SERAP in that suit, claimed that the alleged harassments, intimidation, arbitrary arrest, detention, torture, unfair prosecution and imprisonment of Mr. Jalingo and other journalists exercising their rights to freedom of expression and information and media freedom violated all the international and regional treaties on human rights to which Nigeria is a State Party.

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SERAP prayed the Court for an order directing the defendants to drop all charges against Mr. Jalingo  and set him free “unconditionally.” SERAP also sought an order “directing the defendants and/or their agents in Nigeria to provide effective remedies and reparation, including adequate compensation, restitution, satisfaction or guarantees of non-repetition that the Honourable Court may deem fit to grant to Mr. Jalingo for being unfairly prosecuted by the Respondents.”

The Court had, at an earlier date, struck out the second defendant, Cross River State Government, from the suit, for not being a proper defendant before the court, and a signatory of the Revised Treaty of ECOWAS. The Federal Republic of Nigeria however, is a Member State of ECOWAS and a signatory to the ECOWAS Revised Treaty,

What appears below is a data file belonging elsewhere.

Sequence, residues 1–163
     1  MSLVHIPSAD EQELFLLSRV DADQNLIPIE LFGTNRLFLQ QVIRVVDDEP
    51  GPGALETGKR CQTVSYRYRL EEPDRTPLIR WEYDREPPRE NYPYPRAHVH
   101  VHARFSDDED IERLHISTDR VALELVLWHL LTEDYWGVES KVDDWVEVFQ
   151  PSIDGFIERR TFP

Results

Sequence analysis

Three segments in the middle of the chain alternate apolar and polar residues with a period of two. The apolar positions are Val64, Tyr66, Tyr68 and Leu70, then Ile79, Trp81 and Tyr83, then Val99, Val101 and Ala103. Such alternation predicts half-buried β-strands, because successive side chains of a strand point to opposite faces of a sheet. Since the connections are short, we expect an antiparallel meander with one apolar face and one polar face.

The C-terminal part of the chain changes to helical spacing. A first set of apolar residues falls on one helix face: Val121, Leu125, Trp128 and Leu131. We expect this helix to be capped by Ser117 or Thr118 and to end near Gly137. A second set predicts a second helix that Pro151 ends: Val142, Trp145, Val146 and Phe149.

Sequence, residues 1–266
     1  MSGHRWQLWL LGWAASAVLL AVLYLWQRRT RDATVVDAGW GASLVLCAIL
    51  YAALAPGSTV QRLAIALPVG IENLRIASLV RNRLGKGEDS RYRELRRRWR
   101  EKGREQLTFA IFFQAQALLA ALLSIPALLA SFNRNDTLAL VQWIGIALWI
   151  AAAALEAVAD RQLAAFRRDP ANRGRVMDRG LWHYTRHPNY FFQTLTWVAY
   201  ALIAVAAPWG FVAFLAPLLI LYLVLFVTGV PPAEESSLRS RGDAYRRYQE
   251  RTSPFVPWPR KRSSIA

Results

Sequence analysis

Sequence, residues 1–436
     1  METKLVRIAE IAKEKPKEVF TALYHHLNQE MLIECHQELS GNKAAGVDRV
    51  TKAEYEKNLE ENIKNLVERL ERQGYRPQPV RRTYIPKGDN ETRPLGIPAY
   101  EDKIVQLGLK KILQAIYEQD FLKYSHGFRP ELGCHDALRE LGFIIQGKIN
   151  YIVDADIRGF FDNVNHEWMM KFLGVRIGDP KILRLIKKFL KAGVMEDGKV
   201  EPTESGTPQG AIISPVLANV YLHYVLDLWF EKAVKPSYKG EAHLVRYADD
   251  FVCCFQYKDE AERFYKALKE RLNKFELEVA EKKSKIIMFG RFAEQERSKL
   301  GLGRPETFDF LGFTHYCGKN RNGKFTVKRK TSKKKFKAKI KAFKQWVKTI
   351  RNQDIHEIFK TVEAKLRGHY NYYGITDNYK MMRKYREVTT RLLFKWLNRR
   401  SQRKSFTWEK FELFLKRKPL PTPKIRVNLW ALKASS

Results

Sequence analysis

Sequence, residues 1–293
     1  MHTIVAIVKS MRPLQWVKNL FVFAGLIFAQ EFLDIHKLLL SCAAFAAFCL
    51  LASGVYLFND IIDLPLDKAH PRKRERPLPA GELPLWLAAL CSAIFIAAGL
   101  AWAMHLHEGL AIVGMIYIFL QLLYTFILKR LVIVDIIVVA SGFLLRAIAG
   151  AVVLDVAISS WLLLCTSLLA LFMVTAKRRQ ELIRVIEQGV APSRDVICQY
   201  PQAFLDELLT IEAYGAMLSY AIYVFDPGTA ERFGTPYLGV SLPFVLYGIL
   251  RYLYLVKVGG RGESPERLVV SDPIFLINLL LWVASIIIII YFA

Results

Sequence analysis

However, the Federal Government through its counsel, Chijioke Amadi, filed and adopted a preliminary objection arguing that the person on whose behalf/interest the applicant instituted this suit has been granted bail and is currently being prosecuted at a competent municipal/domestic court on criminal allegations bordering on treason and terrorism.

The defendant further argued that the applicant failed to disclose a reasonable cause of action to be entitled to the prayers sought nor discharge the evidential burden placed on him in proof of his case and therefore asked the Court to dismiss the suit.

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But, the Court held that the detention and treatment meted out on Jalingo by agents of the first defendant were “illegal,” and directed the first defendant to pay him NGN30 million (USD USD72,922).